Mullen’s faith and praise of Johnson from 2020 ended up being prophetic as Johnson became a highly sought after 2021 collegiate head coaching candidate and interviewed with both South Carolina and Boise State for their openings.
For Johnson, no matter the level of play, he has always had a mind for the game well beyond his time on the field. At the age of 23, Johnson was named the quarterback’s coach at the University of Utah after his playing career. At two weeks shy of 25, he became the youngest offensive coordinator for a DI program in the country.
In his four years at Utah as a coach, he faced various hurdles on the field but adjusted to them with an ease that only a natural could. In each of his first three seasons, he had to manage a revolving door at the quarterback position due to a litany of injuries. His starter, Jordan Wynn was injured for part of or most of every season, so in between 2010-2012, Johnson coached up three different replacement quarterbacks.
In both 2010 and 2011, despite injuries limiting the offense, Johnson led the team to recover and move past the adversity they faced, making two consecutive bowl appearances in the Las Vegas and Sun Bowl’s. 2012 ultimately became too much of a challenge to overcome due to three different starting quarterbacks and an injury to workhorse running back and the school’s all-time single-season rushing record holder, John White.
In his final season at Utah, Johnson set his sights on the future of the team and anointed a true freshman, Travis Wilson, the starter for the final seven games of the 2013 season. Johnson was able to coach White to become the first back-to-back 1000-yard rusher in school history, as well as leading the Pac-12 in time of possession, averaging holding on to the ball for an impressive 32:07 minutes per game.
From Utah, Johnson signed on to become the quarterback’s coach at Mississippi State, reuniting with his offensive coordinator and recruiter from his playing days, Dan Mullen. As Mullen’s right hand man, in addition to his responsibilities as a quarterback’s coach, Johnson also went on various important recruiting visits — one of these being with a young Jalen Hurts. Unfortunately, the time wasn’t right for Jalen and Johnson to work together as Hurts obviously ended up choosing Alabama and later Oklahoma.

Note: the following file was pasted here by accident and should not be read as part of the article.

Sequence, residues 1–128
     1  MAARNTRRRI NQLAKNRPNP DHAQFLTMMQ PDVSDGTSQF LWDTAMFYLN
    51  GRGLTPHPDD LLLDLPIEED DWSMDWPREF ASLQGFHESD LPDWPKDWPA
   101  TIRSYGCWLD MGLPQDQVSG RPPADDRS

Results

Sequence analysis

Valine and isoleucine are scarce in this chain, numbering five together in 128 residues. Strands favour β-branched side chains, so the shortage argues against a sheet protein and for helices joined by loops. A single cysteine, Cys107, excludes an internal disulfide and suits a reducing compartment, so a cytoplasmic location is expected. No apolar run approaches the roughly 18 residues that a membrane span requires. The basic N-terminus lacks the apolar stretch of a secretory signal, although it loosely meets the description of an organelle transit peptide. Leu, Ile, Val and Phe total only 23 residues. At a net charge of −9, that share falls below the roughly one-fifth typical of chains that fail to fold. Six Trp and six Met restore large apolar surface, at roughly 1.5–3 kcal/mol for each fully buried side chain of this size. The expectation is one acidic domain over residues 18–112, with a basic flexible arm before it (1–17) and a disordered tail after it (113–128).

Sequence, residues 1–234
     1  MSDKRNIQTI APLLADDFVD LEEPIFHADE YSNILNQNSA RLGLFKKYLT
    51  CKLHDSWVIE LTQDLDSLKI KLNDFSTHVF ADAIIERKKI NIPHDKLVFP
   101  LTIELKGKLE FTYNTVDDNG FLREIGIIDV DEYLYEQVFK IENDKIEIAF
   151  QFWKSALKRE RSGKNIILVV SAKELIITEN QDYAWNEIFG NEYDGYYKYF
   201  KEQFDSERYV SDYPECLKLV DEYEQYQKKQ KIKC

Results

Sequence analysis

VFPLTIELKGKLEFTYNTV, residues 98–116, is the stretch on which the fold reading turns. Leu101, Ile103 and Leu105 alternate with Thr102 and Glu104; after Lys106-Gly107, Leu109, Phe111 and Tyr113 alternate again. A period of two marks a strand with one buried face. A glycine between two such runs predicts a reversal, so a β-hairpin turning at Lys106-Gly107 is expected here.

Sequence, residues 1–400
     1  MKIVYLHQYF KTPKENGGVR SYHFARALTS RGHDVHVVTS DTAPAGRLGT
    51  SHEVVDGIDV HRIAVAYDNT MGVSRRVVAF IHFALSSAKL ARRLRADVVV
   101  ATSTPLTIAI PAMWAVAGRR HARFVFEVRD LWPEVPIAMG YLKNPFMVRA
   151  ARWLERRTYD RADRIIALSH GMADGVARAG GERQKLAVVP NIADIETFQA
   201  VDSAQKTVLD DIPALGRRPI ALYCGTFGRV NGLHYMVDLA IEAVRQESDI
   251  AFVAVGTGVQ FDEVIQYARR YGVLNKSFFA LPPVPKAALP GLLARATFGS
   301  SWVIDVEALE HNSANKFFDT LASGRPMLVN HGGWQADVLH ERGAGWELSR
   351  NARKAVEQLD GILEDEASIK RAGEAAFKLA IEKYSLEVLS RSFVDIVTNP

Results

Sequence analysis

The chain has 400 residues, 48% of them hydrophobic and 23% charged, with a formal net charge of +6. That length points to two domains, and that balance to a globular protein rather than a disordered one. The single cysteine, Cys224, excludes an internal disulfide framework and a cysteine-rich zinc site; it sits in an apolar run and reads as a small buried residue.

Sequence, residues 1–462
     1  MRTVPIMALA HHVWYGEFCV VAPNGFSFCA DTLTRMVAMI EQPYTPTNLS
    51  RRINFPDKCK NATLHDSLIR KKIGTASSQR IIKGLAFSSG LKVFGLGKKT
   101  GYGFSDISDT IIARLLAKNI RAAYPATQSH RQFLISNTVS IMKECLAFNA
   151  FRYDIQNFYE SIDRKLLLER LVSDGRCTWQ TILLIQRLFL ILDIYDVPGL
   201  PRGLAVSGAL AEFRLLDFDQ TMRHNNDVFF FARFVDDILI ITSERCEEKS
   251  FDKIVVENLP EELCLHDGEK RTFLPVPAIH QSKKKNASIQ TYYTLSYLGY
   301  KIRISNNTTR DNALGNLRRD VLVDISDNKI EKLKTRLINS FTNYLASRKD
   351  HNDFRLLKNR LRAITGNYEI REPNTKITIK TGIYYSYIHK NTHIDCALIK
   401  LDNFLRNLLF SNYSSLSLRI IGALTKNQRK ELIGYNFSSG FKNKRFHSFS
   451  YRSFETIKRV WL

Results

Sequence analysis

Johnson, most famously mentored Dak Prescott at Mississippi State. In Johnson’s first two seasons at MSU, his offenses were able to produce the highest single-season passing totals in school history. In fact, in only those seasons 17 other single-game or season total offense, scoring, and passing records were broken. The catalyst for this exponential improvement was straightforward– the seamless collaboration between Prescott, Johnson, and Mullen.
In 2015, after Johnson continued to work closely with Prescott to prepare him for the season and the NFL, Prescott had a historic senior year in which he was a finalist for the Johnny Unitas Golden Arm Awards, broke nine single-season passer records, threw for 3793 yards on 66.2% accuracy for 316 completions and 29 touchdowns, and had seven 300 yard passing games. In 2016, Johnson’s disciple finished his career as the first two-time All-SEC quarterback at MSU since 1956-57 and became the highest SEC quarterback drafted since 2013.
After a brief stop in Houston as the offensive coordinator and play-caller in which Houston averaged 436.1 yards a game and ranked number 35 in the nation despite of playing with three different quarterbacks, Johnson found himself reuniting once again with his mentor, Dan Mullen, at the home of the Gators, the University of Florida.